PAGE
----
You will also need a terrine dish.

Method:

  1. Preheat oven to 180 °
  2. In a pan, over medium heat, fry your finely diced smoked lard ( lardons) a couple minutes, and remove from the fire before they are crispy. Set aside.
  3. In the same pan, throw your shallots and onions and fry them in the grease with a little cognac, white wine or vegetable stock until they are translucent and tender.
  4. Stir and strain the fresh blood to make sure you do not have any clots.
  5. In the terrine dish, pour the blood, milk, salt, pepper, tarragon and the pinch of nutmeg. Add the onions , shallots and lard.
  6. Mix well. Place the lid on the terrine and bake an hour. After an hour, remove the lid and let it cook about another 20 minutes or until the top appears nicely browned, almost black.
  7. Remove from the oven and let cool. When at room temperature, pop your terrine in the fridge for about 8h.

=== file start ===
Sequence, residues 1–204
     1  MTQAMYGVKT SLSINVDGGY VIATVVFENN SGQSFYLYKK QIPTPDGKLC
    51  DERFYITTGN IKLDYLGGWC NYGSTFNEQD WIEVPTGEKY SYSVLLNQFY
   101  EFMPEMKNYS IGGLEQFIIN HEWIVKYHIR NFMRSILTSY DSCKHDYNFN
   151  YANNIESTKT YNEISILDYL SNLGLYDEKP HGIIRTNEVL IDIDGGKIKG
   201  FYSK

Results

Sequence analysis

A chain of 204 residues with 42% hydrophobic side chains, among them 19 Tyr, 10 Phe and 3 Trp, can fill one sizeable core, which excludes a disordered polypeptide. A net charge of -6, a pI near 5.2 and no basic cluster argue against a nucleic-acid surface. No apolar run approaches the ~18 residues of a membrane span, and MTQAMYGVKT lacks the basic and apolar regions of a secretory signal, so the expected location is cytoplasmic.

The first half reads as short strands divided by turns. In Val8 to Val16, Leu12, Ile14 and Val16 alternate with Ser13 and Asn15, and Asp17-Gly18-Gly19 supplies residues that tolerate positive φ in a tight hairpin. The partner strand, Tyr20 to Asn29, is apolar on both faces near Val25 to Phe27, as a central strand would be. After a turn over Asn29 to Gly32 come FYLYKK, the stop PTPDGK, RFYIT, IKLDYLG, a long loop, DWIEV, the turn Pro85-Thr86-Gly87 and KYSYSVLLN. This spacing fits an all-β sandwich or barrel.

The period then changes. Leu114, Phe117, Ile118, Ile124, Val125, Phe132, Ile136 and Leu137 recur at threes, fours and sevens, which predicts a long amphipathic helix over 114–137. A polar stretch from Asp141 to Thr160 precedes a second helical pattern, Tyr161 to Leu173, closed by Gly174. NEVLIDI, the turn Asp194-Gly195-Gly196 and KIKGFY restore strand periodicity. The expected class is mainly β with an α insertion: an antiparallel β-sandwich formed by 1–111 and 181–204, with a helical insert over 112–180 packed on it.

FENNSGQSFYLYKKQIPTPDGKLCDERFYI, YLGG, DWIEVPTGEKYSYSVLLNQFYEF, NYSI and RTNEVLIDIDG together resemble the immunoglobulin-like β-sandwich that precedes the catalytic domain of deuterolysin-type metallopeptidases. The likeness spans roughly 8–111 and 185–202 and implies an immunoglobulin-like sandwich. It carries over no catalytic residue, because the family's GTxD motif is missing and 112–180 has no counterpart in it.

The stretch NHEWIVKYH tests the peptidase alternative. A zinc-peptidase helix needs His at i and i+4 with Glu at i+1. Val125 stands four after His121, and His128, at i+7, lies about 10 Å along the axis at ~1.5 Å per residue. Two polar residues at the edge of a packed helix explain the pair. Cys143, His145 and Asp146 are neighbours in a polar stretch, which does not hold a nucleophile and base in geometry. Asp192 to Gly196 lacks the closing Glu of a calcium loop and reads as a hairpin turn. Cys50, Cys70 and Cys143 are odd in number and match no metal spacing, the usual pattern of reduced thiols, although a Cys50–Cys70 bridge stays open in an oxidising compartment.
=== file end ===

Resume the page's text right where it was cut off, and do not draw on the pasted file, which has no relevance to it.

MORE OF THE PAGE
8. Serve cold, with a little bread. Or serve warm, sliced and fried in a little butter.

Notes and Tips:

Adding a little raw shallot can give it some crunch. and if you like your terrine it a little denser (more like a blood pudding), you can try adding some rye breadcrumbs, oats or cooked barley.

Alternatively, there’s another recipe I found on Gourmantissimes which is infallible and absolutely delicious. The main difference however, is that it uses already made black pudding, (not raw blood) as a base but it’s simply astounding. I’ll be sure to throw a link when the recipe will be posted on the site :)! Keep an eye out.